October 27, 2014
The U.S. Department of Energy (DOE) has approved the start of routine operations at the National Synchrotron Light Source II (NSLS-II), beginning a period of significant transition in project activities from construction and commissioning to operations. Passing this milestone comes after many years of diligent planning, design, and construction by staff within the Lab’s Photon Sciences Directorate along with staff from many other Brookhaven Lab organizations, and will lead to an exciting new chapter of synchrotron science.
NSLS-II, a third-generation synchrotron light source, will be the newest and most advanced synchrotron facility in the world when it comes online later this year. As a DOE Office of Science User Facility, it will offer researchers from academia, industry, and national laboratories new ways to study material properties and functions with nanoscale resolution and exquisite sensitivity by providing state-of-the-art capabilities for x-ray imaging and high-resolution energy analysis.
The next steps for NSLS-II project staff include completing commissioning activities, continuing assembly of the first set of experimental stations (beamlines), and the official opening of NSLS-II which is expected to occur later this year.
To learn more visit: www.bnl.gov/newsroom/news.php?a=11667
2014-5300 | INT/EXT | Media & Communications Office
October 27, 2014
Brookhaven Lab has been offering engineering workshops to students for many years.
Brookhaven National Laboratory will collaborate on a project to introduce STEM-based learning opportunities to middle school children through 25 Boys & Girls Clubs on Long Island and in the metropolitan New York area. The National Science Foundation (NSF) has awarded $2.5 million to the five-year project, to be based at Hofstra University’s Center for STEM Research.
The more than 6,000 children in the program will take part in hands-on engineering design activities using online animations, simulations, videos, and multi-media links. Presented in an informal learning environment, “Wise Guys & Gals – Boys & Girls as WISEngineering STEM Learners” will provide innovative academic challenges created to promote an interest in engineering and design, and an understanding of how science, technology, engineering, and math (STEM) skills can translate into careers. Afterschool programs at the Boys & Girls Clubs will involve hundreds of trained learning facilitators.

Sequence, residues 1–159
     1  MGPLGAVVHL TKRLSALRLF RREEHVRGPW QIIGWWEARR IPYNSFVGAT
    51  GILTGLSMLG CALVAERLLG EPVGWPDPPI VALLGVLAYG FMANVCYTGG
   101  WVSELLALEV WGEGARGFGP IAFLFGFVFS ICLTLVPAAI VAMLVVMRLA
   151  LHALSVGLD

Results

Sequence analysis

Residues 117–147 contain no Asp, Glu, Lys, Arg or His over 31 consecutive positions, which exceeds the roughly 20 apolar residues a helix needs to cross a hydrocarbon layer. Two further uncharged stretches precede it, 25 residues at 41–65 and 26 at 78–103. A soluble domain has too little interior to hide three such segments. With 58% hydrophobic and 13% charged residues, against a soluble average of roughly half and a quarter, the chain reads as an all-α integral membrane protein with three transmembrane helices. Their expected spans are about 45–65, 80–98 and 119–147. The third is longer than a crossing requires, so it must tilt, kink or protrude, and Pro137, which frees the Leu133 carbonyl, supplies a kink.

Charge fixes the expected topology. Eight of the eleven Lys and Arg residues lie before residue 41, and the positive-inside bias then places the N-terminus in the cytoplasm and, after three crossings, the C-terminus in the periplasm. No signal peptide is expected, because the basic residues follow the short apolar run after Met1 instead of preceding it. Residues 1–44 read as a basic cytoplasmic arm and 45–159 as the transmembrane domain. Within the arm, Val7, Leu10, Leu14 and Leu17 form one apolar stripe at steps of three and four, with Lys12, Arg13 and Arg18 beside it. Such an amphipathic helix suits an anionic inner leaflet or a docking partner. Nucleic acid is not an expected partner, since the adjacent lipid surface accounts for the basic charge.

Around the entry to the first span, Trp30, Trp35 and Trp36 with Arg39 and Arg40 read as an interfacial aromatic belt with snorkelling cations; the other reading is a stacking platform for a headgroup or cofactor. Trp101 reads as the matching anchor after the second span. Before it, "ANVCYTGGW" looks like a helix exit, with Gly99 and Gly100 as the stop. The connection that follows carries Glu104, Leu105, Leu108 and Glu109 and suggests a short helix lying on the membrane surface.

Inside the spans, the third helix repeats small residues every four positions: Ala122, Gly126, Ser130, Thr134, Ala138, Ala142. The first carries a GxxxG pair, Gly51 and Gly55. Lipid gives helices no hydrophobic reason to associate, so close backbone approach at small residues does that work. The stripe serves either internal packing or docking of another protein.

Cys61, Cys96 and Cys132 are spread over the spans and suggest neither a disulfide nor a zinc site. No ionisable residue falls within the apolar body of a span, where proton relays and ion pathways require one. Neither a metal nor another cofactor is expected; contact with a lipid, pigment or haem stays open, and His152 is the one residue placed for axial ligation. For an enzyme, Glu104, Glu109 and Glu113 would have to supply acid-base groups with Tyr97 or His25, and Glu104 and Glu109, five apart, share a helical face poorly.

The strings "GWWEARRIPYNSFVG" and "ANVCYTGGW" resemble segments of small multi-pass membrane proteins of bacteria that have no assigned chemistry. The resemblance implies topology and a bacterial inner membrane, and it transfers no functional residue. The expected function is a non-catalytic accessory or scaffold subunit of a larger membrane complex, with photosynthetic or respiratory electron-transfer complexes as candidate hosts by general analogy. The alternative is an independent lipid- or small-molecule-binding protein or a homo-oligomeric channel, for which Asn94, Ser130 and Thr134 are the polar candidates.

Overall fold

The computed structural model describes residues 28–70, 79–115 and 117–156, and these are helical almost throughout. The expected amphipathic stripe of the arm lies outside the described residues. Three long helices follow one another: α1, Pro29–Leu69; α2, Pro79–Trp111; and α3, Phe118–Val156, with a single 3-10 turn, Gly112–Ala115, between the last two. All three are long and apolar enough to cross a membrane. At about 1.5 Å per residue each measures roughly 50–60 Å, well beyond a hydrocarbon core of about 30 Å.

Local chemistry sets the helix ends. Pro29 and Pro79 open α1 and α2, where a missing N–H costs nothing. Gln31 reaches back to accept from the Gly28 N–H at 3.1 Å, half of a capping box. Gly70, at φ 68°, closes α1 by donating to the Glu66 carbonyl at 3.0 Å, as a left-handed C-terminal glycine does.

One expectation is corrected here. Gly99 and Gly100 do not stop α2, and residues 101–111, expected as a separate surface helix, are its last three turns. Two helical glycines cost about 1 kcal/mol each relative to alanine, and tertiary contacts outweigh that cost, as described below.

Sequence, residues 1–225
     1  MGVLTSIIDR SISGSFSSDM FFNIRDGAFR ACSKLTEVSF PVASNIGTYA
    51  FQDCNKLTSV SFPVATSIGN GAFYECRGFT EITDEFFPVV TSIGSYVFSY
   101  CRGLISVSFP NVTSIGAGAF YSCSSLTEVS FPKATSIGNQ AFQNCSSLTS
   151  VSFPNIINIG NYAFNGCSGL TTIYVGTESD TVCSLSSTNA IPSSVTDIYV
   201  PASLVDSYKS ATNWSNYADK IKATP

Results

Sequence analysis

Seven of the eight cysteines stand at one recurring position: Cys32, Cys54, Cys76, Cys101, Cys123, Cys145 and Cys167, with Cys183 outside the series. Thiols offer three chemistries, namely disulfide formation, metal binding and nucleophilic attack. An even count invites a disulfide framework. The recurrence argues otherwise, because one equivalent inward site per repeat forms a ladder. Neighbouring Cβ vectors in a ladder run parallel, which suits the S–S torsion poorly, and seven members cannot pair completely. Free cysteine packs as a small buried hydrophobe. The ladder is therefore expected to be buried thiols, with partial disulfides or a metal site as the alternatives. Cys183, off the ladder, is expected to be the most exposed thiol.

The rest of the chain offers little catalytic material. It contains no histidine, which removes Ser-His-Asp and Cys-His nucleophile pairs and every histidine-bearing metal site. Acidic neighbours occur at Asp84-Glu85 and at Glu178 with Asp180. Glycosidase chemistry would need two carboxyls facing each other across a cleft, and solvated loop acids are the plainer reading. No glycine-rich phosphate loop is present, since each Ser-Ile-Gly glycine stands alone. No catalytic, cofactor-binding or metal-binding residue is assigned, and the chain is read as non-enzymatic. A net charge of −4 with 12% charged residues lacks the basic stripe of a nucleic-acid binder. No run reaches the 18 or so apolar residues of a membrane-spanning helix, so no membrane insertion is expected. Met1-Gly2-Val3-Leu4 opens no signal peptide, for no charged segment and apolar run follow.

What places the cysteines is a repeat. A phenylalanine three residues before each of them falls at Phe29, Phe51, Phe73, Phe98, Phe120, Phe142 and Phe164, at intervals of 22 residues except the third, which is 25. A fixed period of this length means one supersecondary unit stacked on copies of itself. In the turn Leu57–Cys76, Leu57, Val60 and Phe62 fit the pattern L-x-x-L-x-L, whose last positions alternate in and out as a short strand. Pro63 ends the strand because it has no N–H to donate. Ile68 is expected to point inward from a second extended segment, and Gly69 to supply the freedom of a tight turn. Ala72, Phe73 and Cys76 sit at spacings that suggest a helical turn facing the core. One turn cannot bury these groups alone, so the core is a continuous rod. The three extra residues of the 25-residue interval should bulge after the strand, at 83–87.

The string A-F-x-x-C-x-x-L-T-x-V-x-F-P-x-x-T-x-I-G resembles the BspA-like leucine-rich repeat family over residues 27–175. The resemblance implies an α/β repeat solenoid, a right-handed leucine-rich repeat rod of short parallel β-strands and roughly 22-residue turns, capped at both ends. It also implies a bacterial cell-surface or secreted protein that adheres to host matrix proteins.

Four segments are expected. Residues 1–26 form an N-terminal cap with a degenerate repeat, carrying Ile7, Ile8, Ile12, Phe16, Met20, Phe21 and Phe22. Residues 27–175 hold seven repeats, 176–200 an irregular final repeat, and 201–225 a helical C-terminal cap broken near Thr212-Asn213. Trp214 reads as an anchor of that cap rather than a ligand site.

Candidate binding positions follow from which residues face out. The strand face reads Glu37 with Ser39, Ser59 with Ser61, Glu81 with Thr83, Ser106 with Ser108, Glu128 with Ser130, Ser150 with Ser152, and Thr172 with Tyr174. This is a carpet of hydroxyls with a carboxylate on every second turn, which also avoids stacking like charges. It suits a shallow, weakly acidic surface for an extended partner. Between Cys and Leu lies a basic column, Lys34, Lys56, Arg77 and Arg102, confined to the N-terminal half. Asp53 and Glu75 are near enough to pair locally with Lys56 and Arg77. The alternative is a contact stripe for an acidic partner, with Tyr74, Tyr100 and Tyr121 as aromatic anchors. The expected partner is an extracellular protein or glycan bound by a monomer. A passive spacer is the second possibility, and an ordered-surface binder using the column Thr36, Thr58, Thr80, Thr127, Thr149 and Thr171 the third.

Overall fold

Brookhaven’s role will be to help develop the hands-on curriculum and also to create a professional development framework for the teachers in order to make the program sustainable in future years. “We are excited to be working with Hofstra University on another NSF grant,” said Ken White, manager of BNL’s Office of Educational Programs. “Our previous work with Hofstra provided the Lab’s Office of Educational Programs an opportunity to develop sustainable middle school science programs that now bring thousands of students here every year. This project will also reach thousands of students and prepare afterschool educators to sustain science programs with the Boys & Girls Clubs long after project completion.”
To learn more visit: www.bnl.gov/newsroom/news.php?a=25190
2014-5301 | INT/EXT | Media & Communications Office
October 27, 2014
Brookhaven Lab team members who will run the new Life Science and Biomedical Technology Research Resource (LSBR) at NSLS-II.
Much of our understanding of how living things function comes from knowledge of structures – atomic details of enzymes that catalyze the processes of life, the receptors that are docking stations for viruses and messenger chemicals, and the nucleic acids DNA and RNA that carry genetic blueprints for building cellular machinery, to name a few. To give scientists unprecedented access to these structural details, a new grant just awarded by the National Institutes of Health (NIH) and the U.S. Department of Energy (DOE) will fund the operations of a suite of powerful experimental tools at Brookhaven Lab.
The tools, being built with a previous award from NIH in 2010, are being installed at three beamlines at the NSLS-II, the nation’s newest and most advanced state-of-the-art synchrotron research facility and a DOE Office of Science User Facility, nearing completion at Brookhaven. The new five-year grant will create the Life Science and Biomedical Technology Research Resource (LSBR) to operate these new stations at NSLS-II and to develop new and improved technologies that will enable researchers to address challenging biological questions more effectively.
To learn more about the grant, visit: www.bnl.gov/ps/news/news.php?a=11666
2014-5302 | INT/EXT | Media & Communications Office
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